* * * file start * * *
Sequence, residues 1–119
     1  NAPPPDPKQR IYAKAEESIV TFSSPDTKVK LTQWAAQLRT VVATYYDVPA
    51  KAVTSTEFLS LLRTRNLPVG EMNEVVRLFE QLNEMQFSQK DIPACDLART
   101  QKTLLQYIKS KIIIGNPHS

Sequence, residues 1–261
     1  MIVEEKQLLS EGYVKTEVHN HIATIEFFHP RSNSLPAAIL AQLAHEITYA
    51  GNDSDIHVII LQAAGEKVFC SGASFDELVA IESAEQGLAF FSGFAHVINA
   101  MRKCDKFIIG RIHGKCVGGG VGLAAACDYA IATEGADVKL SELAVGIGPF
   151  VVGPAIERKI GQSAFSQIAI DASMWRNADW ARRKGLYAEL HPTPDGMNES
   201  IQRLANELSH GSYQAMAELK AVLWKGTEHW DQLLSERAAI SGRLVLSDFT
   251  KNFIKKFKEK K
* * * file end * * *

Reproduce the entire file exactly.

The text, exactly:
Sequence, residues 1–119
     1  NAPPPDPKQR IYAKAEESIV TFSSPDTKVK LTQWAAQLRT VVATYYDVPA
    51  KAVTSTEFLS LLRTRNLPVG EMNEVVRLFE QLNEMQFSQK DIPACDLART
   101  QKTLLQYIKS KIIIGNPHS

Sequence, residues 1–261
     1  MIVEEKQLLS EGYVKTEVHN HIATIEFFHP RSNSLPAAIL AQLAHEITYA
    51  GNDSDIHVII LQAAGEKVFC SGASFDELVA IESAEQGLAF FSGFAHVINA
   101  MRKCDKFIIG RIHGKCVGGG VGLAAACDYA IATEGADVKL SELAVGIGPF
   151  VVGPAIERKI GQSAFSQIAI DASMWRNADW ARRKGLYAEL HPTPDGMNES
   201  IQRLANELSH GSYQAMAELK AVLWKGTEHW DQLLSERAAI SGRLVLSDFT
   251  KNFIKKFKEK K